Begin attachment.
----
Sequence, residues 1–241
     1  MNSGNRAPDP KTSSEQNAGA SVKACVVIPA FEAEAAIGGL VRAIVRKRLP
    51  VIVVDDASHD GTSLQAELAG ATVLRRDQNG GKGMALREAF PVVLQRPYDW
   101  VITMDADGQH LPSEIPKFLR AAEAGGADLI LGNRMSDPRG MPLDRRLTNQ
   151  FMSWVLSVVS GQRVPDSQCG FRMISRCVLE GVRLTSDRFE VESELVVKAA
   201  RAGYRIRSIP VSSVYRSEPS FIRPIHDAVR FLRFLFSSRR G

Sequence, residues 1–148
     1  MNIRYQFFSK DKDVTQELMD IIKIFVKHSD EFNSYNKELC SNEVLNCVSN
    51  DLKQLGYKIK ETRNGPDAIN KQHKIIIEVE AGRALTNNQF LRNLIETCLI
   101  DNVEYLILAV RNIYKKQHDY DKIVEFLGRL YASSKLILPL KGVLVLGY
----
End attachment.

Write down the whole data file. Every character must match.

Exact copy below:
Sequence, residues 1–241
     1  MNSGNRAPDP KTSSEQNAGA SVKACVVIPA FEAEAAIGGL VRAIVRKRLP
    51  VIVVDDASHD GTSLQAELAG ATVLRRDQNG GKGMALREAF PVVLQRPYDW
   101  VITMDADGQH LPSEIPKFLR AAEAGGADLI LGNRMSDPRG MPLDRRLTNQ
   151  FMSWVLSVVS GQRVPDSQCG FRMISRCVLE GVRLTSDRFE VESELVVKAA
   201  RAGYRIRSIP VSSVYRSEPS FIRPIHDAVR FLRFLFSSRR G

Sequence, residues 1–148
     1  MNIRYQFFSK DKDVTQELMD IIKIFVKHSD EFNSYNKELC SNEVLNCVSN
    51  DLKQLGYKIK ETRNGPDAIN KQHKIIIEVE AGRALTNNQF LRNLIETCLI
   101  DNVEYLILAV RNIYKKQHDY DKIVEFLGRL YASSKLILPL KGVLVLGY